Who are we?

LegaSea is the public outreach and fundraising arm of the New Zealand Sport Fishing Council.

LegaSea was established in 2012 to help the public understand the issues affecting our marine fisheries and environment and why we need to restore abundance. LegaSea raises funds to help resource the work the Council undertakes to ensure there are enough fish in the water for future generations.

Our 100% commitment

100% of public donations go towards building more abundant fisheries.

All LegaSea’s operating costs are met by commercial partners, sponsors and in-kind private donors. This means we can dedicate all public donations to our core work of advocacy, research and education.

These investments fuel our mission: to build abundant fisheries for both current and future generations of Kiwis.

Our Principles

Latest Updates

Articles / 10 March 2018

Conserving our crayfish

It is encouraging that so many recreational fishers have expressed a strong desire to conserve their crayfish catch in the interests of rebuilding the CRA 2 fishery between Te Arai Point in the north and East Cape. The MPI review of four crayfish management areas is now over and we await the Minister’s decisions that…

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Articles, Media Releases / 16 February 2018

Cameras on boats – a vital step forward

Recreational fishing group LegaSea is calling on Minister of Fisheries Stuart Nash to stand firm against industry pressure to dump the introduction of cameras and electronic monitoring on commercial fishing boats. LegaSea is challenging industry claims that it is engaging in best practice fishing endeavours, and that cameras and other forms of monitoring are not…

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Articles, Media Releases / 5 February 2018

Fisheries review needs to be prioritised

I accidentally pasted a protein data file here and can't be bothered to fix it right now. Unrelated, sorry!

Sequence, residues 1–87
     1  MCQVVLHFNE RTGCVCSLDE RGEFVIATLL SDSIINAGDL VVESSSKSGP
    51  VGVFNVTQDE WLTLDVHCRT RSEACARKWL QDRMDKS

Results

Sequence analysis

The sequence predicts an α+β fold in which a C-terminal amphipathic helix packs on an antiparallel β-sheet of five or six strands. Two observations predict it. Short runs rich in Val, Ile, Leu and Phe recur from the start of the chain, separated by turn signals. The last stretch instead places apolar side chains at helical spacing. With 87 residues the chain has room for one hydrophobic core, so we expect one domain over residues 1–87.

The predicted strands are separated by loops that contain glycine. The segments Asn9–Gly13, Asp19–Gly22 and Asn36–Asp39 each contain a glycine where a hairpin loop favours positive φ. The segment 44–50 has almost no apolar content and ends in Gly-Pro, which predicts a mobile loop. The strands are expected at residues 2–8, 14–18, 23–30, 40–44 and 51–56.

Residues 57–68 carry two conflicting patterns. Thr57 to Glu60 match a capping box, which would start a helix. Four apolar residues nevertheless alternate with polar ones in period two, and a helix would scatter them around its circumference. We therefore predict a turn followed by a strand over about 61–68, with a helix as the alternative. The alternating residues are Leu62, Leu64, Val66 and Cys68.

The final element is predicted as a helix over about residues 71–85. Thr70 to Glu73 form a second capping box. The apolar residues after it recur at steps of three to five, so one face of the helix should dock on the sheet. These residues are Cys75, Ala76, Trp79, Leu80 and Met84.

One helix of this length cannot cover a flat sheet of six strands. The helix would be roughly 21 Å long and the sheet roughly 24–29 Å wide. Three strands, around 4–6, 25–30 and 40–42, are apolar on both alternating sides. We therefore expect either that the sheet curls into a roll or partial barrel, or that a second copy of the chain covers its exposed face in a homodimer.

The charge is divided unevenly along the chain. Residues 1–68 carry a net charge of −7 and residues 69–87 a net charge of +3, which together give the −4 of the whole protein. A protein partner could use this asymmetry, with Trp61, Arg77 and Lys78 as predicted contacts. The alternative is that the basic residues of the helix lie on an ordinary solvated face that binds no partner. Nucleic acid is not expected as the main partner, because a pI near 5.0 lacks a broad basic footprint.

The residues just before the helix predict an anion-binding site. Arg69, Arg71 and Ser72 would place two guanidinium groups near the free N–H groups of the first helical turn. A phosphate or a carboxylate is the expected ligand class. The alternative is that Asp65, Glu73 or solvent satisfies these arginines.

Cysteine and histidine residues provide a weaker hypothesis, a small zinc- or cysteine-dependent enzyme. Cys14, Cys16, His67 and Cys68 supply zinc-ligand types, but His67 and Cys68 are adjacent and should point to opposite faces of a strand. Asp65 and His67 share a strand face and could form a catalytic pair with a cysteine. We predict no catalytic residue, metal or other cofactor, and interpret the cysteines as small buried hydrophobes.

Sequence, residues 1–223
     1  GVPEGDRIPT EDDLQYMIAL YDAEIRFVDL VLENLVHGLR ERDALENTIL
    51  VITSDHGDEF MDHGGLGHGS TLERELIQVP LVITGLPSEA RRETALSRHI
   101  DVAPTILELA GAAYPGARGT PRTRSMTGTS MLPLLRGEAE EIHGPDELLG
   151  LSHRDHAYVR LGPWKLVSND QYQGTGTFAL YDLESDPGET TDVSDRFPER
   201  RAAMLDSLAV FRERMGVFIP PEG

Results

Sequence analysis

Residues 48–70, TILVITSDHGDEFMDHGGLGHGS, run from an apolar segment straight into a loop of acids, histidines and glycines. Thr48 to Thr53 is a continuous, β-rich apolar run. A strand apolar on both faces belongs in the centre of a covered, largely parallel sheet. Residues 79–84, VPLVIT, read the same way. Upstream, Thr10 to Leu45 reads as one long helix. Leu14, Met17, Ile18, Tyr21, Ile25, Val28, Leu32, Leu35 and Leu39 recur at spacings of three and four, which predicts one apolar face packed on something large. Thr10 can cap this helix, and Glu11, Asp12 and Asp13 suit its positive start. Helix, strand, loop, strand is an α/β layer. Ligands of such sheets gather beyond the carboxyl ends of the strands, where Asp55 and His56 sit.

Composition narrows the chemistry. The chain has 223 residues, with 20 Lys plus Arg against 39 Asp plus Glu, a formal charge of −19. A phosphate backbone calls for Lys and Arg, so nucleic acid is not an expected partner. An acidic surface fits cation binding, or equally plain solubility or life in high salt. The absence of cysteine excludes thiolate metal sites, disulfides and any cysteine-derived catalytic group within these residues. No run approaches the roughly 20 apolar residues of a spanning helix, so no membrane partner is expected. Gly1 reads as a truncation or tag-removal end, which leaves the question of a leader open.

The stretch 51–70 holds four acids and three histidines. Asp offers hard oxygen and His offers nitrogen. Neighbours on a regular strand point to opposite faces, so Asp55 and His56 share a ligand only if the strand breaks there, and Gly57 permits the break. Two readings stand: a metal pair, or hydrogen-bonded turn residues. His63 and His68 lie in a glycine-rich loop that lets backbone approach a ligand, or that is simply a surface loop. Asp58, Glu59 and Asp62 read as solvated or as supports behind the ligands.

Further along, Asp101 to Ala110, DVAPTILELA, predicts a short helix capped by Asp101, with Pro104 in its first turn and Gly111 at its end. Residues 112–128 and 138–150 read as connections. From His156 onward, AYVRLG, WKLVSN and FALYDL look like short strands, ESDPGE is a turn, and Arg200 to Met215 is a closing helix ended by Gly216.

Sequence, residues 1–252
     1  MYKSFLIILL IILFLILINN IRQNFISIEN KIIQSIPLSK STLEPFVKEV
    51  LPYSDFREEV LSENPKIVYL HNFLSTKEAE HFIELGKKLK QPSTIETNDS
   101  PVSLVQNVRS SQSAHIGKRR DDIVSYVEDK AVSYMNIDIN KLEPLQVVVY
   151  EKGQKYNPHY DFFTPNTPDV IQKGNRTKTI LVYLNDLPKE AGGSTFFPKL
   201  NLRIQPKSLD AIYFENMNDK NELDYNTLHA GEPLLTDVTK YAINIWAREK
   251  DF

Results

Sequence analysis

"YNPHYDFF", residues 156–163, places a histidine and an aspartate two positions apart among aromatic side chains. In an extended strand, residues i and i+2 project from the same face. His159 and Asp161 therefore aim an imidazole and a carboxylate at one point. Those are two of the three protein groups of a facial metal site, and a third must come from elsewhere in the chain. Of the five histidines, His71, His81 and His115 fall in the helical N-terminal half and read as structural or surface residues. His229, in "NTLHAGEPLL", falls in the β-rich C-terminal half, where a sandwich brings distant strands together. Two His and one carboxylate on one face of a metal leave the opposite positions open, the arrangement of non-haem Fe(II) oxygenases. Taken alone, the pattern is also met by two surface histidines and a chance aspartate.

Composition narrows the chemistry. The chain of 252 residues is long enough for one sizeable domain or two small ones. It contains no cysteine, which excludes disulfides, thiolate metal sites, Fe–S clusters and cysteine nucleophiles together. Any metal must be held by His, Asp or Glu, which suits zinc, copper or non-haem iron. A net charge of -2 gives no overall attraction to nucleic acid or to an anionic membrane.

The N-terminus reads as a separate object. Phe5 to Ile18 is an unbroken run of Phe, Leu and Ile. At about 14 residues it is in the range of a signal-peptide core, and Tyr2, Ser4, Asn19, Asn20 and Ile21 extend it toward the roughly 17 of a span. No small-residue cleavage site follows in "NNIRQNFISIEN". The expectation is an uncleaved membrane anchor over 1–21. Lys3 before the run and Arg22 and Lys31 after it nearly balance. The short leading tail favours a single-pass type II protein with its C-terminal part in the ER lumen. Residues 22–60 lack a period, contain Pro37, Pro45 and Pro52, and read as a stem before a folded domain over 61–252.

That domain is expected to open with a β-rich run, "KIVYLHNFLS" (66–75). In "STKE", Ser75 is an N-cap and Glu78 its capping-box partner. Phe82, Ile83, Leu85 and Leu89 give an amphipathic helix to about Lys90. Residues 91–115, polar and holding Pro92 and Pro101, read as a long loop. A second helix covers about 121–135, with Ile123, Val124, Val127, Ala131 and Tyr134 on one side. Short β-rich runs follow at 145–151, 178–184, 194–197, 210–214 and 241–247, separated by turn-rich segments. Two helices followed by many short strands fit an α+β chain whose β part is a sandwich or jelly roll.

Crayfish stocks are in crisis and recreational fishers are calling for an independent review of the fisheries management system. Currently, crayfish in the CRA2 region (which extends from Pakiri through the Hauraki Gulf to the East Cape) are at an all-time low. The latest official assessment shows that the crayfish population has been in decline…

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Articles / 4 February 2018

Crayfish Crisis: TAKE ACTION

Crayfish may not be everyone’s target species and they’re not particularly attractive compared to a snapper, yet we all benefit from having them in the water doing what they do best. Crayfish are great scavengers, cleaning up reefs and feeding on sea urchins (kina), if they are big enough. Currently, the crayfish stock on the…

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Articles / 24 January 2018

Restoring crayfish abundance must be a priority

“There are none so blind as those who will not see. The most deluded people are those who choose to ignore what they already know”. This quote from John Heywood (1546) nicely sums up where we are at with crayfish management particularly on the northeast coast of the North Island. The CRA 2 fishery from…

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